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7th Circuit issues U.S. Grand Prix ruling

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Race fans have a reason to watch the 7th Circuit Court of Appeals today.

As the Indianapolis 500 weekend kicks off, the Circuit Court has issued a decision fitting the mood - one involving the notorious U.S. Grand Prix race in 2005. The unanimous decision today comes in Larry Bowers, Alan G. Symons, Carey Johnson, et al. v. Federation Internationale de l'Automobile, Formula One Administration Limited, Indianapolis Motor Speedway Corp., et al.

The ruling affirms a 2006 ruling from U.S. District Judge Sarah Evans Baker in Indianapolis - she threw out the 10 class action suits that were consolidated into one action where fans sought punitive damages as well as compensatory damages for ticket costs, travel expenses and food.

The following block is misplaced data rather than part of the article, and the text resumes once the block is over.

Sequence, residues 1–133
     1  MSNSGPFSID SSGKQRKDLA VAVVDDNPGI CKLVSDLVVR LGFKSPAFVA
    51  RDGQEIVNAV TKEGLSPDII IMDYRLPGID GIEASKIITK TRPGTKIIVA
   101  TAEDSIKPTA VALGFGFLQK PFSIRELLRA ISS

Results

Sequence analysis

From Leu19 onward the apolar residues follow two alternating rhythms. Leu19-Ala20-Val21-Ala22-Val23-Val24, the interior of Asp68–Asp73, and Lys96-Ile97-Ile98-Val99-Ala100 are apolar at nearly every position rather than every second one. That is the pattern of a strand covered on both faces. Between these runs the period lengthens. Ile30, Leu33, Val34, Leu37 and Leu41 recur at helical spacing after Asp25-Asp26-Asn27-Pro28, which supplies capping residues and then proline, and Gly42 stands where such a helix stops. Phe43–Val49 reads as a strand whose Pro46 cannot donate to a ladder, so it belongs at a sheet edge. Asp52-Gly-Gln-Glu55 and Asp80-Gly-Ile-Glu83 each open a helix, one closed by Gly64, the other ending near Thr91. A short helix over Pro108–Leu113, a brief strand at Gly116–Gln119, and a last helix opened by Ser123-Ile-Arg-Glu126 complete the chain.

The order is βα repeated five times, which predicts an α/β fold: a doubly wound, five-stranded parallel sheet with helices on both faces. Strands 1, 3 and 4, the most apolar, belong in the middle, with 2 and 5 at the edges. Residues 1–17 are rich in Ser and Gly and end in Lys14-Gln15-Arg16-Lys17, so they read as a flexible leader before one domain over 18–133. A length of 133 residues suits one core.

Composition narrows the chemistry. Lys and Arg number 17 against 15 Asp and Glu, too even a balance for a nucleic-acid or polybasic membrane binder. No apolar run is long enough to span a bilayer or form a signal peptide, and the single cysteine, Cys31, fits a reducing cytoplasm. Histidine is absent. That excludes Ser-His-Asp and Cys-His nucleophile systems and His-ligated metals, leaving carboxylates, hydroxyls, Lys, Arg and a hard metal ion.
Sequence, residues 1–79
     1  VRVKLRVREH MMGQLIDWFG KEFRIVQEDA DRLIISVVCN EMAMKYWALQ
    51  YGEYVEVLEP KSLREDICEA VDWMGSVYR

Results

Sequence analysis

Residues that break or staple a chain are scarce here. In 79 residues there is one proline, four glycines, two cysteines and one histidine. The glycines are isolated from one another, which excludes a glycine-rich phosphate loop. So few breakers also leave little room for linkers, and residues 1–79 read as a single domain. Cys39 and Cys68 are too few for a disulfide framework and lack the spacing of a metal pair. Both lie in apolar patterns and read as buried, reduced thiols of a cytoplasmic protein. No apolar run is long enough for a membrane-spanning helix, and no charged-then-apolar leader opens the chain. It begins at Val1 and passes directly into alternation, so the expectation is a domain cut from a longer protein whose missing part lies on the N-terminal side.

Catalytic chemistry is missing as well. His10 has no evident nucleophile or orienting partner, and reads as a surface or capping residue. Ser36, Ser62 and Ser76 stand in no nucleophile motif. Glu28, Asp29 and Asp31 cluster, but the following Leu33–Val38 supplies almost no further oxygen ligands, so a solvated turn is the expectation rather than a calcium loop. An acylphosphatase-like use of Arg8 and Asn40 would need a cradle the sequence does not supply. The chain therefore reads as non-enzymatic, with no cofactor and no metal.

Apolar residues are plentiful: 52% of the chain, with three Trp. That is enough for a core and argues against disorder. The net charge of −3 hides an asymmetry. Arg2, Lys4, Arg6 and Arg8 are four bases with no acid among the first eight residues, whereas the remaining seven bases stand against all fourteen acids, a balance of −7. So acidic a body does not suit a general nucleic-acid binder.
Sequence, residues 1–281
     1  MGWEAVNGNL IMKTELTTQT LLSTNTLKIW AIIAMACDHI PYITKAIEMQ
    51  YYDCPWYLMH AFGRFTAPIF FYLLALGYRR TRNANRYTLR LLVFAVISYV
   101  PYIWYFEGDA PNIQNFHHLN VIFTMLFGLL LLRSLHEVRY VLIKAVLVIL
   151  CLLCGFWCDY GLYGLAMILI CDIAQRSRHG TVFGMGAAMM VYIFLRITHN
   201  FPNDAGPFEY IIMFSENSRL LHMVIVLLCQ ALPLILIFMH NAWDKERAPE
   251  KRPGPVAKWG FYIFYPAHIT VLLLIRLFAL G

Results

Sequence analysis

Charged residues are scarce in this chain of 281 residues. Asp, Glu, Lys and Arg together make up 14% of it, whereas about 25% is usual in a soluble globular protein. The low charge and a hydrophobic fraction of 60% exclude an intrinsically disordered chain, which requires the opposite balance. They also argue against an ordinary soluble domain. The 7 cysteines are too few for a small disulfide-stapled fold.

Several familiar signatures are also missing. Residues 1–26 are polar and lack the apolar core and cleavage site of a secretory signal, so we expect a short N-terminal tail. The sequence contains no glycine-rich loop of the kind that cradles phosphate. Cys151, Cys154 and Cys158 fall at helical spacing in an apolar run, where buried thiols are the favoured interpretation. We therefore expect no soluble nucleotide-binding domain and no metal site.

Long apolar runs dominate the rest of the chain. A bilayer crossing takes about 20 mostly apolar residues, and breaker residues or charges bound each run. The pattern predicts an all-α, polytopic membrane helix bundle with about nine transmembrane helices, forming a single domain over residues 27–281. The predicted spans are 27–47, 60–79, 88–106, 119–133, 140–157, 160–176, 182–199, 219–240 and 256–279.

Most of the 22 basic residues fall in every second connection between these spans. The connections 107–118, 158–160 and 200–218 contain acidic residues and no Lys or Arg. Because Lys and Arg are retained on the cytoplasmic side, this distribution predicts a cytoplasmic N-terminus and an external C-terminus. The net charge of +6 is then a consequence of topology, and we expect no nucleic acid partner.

Unhappy fans sued following the tire performance mishap two years ago, where all 14 cars running on Michelin tires withdrew from the race.

Judge Barker ruled that the fans had no basis for the lawsuit. "It's to be assumed that the Michelin teams made the decision they believed to be in their best competitive and professional interests, and in doing so, they owed no legal duty to let the preferences of the spectators trump their own good judgment," Judge Barker wrote.

In its 14-page ruling today, the three Circuit judges affirmed the dismissal of breach of contract and tortuous interference, promissory estoppel, and negligence claims.